CHOM: We find inspirations in everyday through our daily routines, and most importantly loving what we do and being passionate about the industry are things that keep us going every day.
Eileen Chong, Marketing Manager of Books Kinokuniya
Located on Level 2
What does International Women’s Day mean to you?
SHIRA: For me it’s all about celebrating women and what we are capable of, empowering women to know we can achieve anything we set out to, advocating for women’s rights, spreading awareness in relation to our mental health/self care and ultimately an opportunity for us to connect with one another and support each other as this alone can have such a positive impact.
JACQUI: It’s a day to get all the women in your life together and celebrate, acknowledge and embrace one another.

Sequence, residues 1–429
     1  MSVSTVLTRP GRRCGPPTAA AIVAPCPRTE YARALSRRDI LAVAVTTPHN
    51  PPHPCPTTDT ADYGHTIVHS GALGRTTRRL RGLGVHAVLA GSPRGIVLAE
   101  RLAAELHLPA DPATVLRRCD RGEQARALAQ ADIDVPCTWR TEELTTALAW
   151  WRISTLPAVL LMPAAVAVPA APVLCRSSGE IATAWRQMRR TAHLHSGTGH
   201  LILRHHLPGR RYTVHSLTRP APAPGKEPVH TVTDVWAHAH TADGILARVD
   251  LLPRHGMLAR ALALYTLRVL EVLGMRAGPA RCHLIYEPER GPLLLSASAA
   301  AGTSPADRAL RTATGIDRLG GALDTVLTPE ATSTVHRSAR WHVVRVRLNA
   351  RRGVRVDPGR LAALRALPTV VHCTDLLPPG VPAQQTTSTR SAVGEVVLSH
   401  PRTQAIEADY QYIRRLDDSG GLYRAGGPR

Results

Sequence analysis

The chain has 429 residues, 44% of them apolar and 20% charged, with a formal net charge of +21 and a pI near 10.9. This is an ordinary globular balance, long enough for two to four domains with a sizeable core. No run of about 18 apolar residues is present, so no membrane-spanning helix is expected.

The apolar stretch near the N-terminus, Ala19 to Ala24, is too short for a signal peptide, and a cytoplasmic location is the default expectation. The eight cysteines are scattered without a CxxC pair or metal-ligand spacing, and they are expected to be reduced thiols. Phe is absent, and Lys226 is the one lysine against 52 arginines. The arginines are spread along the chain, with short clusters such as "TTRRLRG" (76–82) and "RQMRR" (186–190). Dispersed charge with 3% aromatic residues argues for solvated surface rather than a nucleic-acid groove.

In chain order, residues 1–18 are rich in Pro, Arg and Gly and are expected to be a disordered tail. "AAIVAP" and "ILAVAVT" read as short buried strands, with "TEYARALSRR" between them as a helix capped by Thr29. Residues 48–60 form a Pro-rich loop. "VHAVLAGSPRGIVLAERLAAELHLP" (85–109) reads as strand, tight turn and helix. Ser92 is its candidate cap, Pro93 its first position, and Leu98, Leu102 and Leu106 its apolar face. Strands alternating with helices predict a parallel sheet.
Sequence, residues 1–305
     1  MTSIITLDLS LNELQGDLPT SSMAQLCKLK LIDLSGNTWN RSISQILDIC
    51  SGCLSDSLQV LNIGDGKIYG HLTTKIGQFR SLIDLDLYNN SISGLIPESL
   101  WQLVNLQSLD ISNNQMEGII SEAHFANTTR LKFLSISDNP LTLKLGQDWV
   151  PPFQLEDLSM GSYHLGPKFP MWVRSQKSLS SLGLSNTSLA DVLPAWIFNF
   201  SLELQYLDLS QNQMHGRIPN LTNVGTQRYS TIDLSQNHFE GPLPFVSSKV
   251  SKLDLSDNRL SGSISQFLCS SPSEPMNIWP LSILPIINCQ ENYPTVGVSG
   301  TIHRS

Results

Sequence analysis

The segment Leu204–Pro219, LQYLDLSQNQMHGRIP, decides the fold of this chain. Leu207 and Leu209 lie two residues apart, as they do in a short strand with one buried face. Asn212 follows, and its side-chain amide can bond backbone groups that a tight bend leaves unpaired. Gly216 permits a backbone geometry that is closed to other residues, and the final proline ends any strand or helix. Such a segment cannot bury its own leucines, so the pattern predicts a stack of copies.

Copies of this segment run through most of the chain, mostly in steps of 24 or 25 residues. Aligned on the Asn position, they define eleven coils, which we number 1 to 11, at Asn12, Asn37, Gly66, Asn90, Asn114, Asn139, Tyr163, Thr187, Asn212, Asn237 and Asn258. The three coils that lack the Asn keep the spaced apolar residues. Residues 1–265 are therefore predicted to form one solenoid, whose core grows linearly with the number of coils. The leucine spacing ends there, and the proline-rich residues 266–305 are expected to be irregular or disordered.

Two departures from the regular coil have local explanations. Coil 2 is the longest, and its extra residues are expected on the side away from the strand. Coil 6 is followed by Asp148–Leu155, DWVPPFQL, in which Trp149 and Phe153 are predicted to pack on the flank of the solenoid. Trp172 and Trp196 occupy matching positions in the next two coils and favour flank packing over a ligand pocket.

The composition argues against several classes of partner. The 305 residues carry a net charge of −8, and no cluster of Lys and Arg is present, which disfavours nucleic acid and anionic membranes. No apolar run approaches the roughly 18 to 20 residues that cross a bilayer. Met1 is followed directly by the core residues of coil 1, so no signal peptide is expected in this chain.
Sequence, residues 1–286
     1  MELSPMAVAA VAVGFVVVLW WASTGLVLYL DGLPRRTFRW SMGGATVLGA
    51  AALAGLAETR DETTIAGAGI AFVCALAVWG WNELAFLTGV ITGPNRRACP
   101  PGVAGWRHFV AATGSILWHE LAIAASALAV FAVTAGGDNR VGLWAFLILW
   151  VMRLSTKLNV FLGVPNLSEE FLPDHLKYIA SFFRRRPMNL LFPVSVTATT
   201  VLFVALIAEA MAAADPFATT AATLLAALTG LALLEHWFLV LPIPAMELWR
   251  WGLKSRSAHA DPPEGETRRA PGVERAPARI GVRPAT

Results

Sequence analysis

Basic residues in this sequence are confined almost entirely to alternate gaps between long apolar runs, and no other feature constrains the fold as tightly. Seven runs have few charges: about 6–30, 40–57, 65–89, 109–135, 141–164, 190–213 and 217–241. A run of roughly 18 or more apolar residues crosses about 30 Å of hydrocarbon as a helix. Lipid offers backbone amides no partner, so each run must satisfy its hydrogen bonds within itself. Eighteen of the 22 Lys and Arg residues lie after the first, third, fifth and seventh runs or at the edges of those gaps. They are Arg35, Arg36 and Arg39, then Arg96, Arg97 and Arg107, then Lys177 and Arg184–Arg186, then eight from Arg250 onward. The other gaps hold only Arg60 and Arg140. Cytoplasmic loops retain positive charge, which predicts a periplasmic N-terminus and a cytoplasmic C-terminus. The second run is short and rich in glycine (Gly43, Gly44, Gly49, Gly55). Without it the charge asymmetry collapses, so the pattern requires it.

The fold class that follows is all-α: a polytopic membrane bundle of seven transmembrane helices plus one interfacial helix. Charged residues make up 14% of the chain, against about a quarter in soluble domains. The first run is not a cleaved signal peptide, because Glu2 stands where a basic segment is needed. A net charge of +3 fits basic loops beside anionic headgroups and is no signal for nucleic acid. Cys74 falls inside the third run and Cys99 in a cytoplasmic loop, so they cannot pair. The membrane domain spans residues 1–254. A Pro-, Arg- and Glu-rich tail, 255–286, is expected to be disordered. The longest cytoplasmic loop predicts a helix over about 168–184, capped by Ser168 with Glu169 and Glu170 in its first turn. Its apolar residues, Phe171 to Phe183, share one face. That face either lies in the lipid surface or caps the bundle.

EILEEN: A celebration of being a woman - how far we have come, and how much more we can persist and progress! We come from many different walks of life, but we have so much in common with each other – our journeys, struggles, fears, and triumphs are shared stories we can all relate to and find inspiration from.
MINT: For me it’s an ongoing reminder of women’s empowerment and an opportunity to honour the women who worked courageously to seal the gender gap over centuries. I found this very important – to maintain a gender parity mindset and empower girls and women to follow their dream.
CHOM: The meaning of International Women’s Day for me is a celebration of women and their achievements and contributions to society. It’s also a day to reflect on how far we have come towards achieving balance and advancing the quality of life, not only for women, but for all human beings.
Mint Jongsatien & Chom Jutathon Phunrat, Co-Founders of Boon Table
Located on Lower Ground
Looking to the future, what do you hope for women in your industry? How do you see this evolving in the future?